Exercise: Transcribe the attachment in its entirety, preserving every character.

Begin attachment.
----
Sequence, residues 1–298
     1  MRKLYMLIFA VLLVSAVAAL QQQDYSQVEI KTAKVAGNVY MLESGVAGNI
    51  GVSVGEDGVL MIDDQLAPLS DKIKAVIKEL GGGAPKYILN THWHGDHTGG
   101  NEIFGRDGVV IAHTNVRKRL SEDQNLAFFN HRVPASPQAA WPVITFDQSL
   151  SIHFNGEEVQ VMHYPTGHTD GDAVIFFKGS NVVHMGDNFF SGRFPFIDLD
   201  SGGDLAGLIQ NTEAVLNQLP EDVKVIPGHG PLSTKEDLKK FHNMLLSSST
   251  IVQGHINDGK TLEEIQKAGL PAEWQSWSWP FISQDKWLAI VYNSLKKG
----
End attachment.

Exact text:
Sequence, residues 1–298
     1  MRKLYMLIFA VLLVSAVAAL QQQDYSQVEI KTAKVAGNVY MLESGVAGNI
    51  GVSVGEDGVL MIDDQLAPLS DKIKAVIKEL GGGAPKYILN THWHGDHTGG
   101  NEIFGRDGVV IAHTNVRKRL SEDQNLAFFN HRVPASPQAA WPVITFDQSL
   151  SIHFNGEEVQ VMHYPTGHTD GDAVIFFKGS NVVHMGDNFF SGRFPFIDLD
   201  SGGDLAGLIQ NTEAVLNQLP EDVKVIPGHG PLSTKEDLKK FHNMLLSSST
   251  IVQGHINDGK TLEEIQKAGL PAEWQSWSWP FISQDKWLAI VYNSLKKG